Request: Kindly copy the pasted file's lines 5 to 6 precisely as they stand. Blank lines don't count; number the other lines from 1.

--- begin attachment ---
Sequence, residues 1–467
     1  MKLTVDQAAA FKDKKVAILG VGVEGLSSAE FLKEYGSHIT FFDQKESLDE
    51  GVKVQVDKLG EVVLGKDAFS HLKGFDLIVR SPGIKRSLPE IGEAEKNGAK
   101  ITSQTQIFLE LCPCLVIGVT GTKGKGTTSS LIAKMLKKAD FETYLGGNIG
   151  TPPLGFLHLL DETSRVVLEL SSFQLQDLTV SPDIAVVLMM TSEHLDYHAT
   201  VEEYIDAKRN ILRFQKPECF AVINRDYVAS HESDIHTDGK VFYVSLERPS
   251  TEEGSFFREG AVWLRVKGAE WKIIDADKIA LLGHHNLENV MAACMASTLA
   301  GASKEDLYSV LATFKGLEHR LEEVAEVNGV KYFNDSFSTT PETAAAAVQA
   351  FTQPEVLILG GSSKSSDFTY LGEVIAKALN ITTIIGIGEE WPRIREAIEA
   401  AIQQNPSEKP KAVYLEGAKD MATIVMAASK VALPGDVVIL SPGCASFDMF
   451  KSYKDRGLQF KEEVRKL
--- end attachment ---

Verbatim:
   151  TPPLGFLHLL DETSRVVLEL SSFQLQDLTV SPDIAVVLMM TSEHLDYHAT
   201  VEEYIDAKRN ILRFQKPECF AVINRDYVAS HESDIHTDGK VFYVSLERPS